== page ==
The week has been awash in domino theory, the first draft of which read thusly: If the Big Ten said it wasn’t playing college football in 2020, the Pac-12 would do the same, thereby leaving the remaining Power Five leagues no choice but to pull out.
Reality check: The Big Ten and Pac-12 have indeed removed themselves; the SEC, ACC and Big 12 have said they plan to play. Which brings us to:
Domino theory, Take 2: If the Big 12 buckled _ there was thought it might, though the league announced Wednesday it plans to play and released a redone schedule _ the ACC would likely follow. Had that happened (and it still could), it would leave the SEC, like the cheese, standing alone, and surely no single conference could manage that.
To which we say, again: Not so fast, my friend.
The SEC wants to play football. The SEC believes its testing protocols offer the realistic chance, or as realistic as chances can be, of playing football. There could well come a day when the SEC says, “We can’t make this work.” That day remains a ways away. And that day, should it come, won’t be tied to what any other conference does or does not do.
Not to belabor our stirring farmer-in-the-dell imagery, but the SEC sees itself as the biggest of cheeses. (It Just Means More, y’know?) Initial reports held that the Big Ten would vote 12-2 to cancel/postpone the season, with only Iowa and exceedingly whiny Nebraska in disagreement. The Pac-12 vote was unanimous.
Were the SEC to hold a straw ballot today _ it’s nowhere close to a real vote _ the guess is that it would be 13-1 in favor of playing. (I’m saying “1? because there’s always Vanderbilt.) As much as we on the periphery might believe that an autumn without college football is inevitable, the SEC feels no urge to concede. Indeed, there’s belief within the Just-Means-More league that the Big Ten/Pac-12 Just Wimped Out.
If that sounds unduly harsh … well, welcome to these polarized United States. Of the 11 states with SEC members, nine have Republican governors. (Exceptions: Louisiana and Kentucky.) Of the Pac-12’s members, nine are based in states governed by Democrats; of the Big Ten’s 14 members, eight are similarly situated. The SEC is therefore under no pressure from above to call this off; on the contrary, the loudest political voices are urging their schools to keep going.
That doesn’t mean the SEC should play just because elected officials _ and a goodly chunk of the electorate _ demand football. It does mean that the SEC can afford to wait without being hooted down, at least not locally, as a mercenary enterprise that cares nothing about the welfare of its student-athletes.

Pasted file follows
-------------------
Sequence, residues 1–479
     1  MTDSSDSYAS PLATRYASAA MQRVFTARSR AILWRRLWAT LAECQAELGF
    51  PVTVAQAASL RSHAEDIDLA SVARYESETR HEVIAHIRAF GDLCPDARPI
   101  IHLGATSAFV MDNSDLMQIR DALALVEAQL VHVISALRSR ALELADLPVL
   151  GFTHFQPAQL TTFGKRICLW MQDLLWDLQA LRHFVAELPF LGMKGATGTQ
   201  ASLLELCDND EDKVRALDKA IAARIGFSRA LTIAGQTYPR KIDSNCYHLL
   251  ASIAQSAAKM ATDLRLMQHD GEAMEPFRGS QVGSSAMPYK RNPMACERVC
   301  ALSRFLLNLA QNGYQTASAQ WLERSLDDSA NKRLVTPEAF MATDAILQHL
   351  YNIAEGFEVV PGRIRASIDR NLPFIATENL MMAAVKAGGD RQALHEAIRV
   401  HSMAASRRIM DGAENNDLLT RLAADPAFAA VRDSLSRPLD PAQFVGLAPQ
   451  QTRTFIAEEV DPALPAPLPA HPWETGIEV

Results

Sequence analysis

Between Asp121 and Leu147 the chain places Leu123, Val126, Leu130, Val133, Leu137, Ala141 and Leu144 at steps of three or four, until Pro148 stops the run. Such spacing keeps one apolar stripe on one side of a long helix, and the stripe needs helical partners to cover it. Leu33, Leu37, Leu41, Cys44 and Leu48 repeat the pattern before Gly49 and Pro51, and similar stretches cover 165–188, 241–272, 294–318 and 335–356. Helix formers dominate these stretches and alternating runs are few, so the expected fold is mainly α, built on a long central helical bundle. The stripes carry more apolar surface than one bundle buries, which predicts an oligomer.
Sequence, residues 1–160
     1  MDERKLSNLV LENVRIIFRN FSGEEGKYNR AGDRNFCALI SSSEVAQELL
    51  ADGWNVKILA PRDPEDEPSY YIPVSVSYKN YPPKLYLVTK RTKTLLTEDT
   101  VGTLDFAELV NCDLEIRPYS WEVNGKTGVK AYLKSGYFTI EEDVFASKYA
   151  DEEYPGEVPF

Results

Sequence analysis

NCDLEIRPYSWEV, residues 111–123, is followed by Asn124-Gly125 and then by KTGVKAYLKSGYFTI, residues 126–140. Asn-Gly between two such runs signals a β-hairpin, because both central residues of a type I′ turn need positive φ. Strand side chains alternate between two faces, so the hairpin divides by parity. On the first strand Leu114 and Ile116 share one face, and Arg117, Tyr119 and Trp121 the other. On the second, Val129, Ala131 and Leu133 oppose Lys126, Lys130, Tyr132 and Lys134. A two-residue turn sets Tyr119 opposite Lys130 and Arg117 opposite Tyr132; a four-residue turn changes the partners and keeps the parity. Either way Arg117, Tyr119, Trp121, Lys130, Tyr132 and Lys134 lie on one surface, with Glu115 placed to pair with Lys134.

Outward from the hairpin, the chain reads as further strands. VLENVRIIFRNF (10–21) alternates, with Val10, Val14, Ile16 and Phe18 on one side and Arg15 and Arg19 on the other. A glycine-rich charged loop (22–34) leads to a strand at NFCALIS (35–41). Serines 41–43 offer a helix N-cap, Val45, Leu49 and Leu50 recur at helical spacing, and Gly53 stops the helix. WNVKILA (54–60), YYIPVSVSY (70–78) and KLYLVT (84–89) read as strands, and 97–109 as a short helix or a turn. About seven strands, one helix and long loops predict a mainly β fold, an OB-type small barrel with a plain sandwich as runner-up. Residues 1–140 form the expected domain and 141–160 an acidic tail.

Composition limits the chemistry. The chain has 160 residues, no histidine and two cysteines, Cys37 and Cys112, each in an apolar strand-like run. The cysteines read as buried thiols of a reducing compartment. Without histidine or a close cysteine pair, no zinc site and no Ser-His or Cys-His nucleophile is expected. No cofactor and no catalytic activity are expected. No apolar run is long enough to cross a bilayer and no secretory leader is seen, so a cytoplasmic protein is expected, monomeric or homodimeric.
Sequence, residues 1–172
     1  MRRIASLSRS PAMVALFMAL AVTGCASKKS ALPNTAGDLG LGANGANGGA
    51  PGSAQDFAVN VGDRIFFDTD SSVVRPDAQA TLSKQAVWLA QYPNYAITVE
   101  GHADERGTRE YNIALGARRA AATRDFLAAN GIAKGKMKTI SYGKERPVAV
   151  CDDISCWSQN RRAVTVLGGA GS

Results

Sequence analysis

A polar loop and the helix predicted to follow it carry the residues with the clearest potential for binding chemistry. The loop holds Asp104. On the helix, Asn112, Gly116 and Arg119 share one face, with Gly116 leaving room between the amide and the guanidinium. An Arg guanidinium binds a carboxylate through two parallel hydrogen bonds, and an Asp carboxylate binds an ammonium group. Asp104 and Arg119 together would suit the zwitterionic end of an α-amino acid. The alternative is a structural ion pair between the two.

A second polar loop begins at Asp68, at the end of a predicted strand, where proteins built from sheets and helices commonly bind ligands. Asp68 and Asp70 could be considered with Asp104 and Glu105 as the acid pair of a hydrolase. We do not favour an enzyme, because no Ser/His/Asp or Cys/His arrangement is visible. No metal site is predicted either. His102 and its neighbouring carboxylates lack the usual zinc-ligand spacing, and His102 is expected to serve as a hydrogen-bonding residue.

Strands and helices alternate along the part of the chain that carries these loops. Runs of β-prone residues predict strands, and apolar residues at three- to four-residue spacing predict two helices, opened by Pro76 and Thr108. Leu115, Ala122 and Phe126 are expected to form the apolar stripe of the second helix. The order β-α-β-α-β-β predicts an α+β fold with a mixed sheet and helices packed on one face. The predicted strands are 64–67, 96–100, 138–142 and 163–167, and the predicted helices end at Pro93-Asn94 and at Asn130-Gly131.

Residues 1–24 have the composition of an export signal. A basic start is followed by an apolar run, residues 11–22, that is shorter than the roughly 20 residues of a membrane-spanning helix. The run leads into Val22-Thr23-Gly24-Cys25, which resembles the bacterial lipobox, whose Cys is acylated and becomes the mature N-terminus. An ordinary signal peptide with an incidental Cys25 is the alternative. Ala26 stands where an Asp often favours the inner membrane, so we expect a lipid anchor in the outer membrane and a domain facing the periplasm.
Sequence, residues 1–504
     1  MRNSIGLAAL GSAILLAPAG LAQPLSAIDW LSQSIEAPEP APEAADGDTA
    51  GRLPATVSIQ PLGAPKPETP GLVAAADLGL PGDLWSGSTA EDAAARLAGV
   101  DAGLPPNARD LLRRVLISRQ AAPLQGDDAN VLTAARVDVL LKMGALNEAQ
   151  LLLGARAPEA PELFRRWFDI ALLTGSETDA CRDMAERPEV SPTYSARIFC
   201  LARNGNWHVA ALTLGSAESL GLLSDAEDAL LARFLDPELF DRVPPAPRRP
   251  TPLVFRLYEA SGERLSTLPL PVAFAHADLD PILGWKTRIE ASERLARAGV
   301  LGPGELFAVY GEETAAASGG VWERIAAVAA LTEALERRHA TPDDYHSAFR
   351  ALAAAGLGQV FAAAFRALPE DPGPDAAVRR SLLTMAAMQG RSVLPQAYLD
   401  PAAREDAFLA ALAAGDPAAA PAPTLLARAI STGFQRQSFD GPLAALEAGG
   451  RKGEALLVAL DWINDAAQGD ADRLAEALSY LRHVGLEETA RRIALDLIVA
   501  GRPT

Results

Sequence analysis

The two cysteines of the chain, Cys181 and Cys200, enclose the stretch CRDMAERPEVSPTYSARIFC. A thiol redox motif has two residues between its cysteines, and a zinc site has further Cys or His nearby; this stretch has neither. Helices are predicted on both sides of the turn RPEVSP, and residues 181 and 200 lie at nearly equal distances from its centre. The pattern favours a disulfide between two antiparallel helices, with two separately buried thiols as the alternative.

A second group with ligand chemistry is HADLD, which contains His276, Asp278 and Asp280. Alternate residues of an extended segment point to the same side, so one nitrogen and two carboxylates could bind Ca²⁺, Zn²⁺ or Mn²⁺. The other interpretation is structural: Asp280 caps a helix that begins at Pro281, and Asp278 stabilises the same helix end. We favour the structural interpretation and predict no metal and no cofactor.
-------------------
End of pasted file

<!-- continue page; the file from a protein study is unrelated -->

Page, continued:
Toward that end, the SEC did a wise thing: It moved its kickoff date from Labor Day weekend to Sept. 26. This was reflected in commissioner Greg Sankey’s tweet Monday: “Best advice I’ve received since COVID-19: ‘Be patient. Take time when making decisions. This is all new & you’ll gain better information each day.’ ”
Chances are, the COVID data will look no more encouraging a month from now. But the SEC bought itself time the Big Ten, for reasons unknown, did not. That league announced last week its intention to open Sept. 5. Six days later, it canceled the season. What was the thinking there?
The SEC plans to keep going until something makes it stop. (From Sankey: “Can we play? I don’t know. We haven’t stopped trying.”) It would be no great surprise if the SEC keeps going after the Big 12 and ACC decide they cannot. The Just-Mean-More folks wouldn’t mind some company _ there might still be a three-league College Football Playoff _ but the SEC believes its protocols can and will offer the chance of getting through 10 regular-season games, and maybe one more.
“Even if we just play for the SEC championship,” one conference higher-up told this correspondent, “that’s still a championship for our players.”
This correspondent’s opinion hasn’t changed since March: In a pandemic, sports are unnecessary and, in the case of a full-contact sport, potentially injurious to the health of its participants. The Big Ten made a big deal of its fear of COVID-triggered myocarditis, an inflammation of the heart muscle. But, as we know too well, medical opinions are subject to heated debate. Indeed, a Duke infectious disease specialist told Sports Business Daily he believes it’s safe to play football. (Duke’s in the ACC, I do believe.)
The SEC is not ignoring medical advice. It is, however, viewing such advice through the prism of, “Is this still do-able?” Once more, with feeling: The SEC really, REALLY wants to play.
Do I believe Sankey and the league presidents and ADs would agree to something that has no hope of working and the distinct possibility of harming? No, I do not. These are not evil people. I believe the conference will do what’s right for players who are, after all, amateurs. I believe what’s right would be not to play.
That said, I won’t rip the conference for holding open all options. It can stop anytime between now and Sept. 26. Once you’ve said, “We’re done,” you’re done. I expect the SEC will eventually reach a stopping point. I also expect it will be the last major conference to get there.
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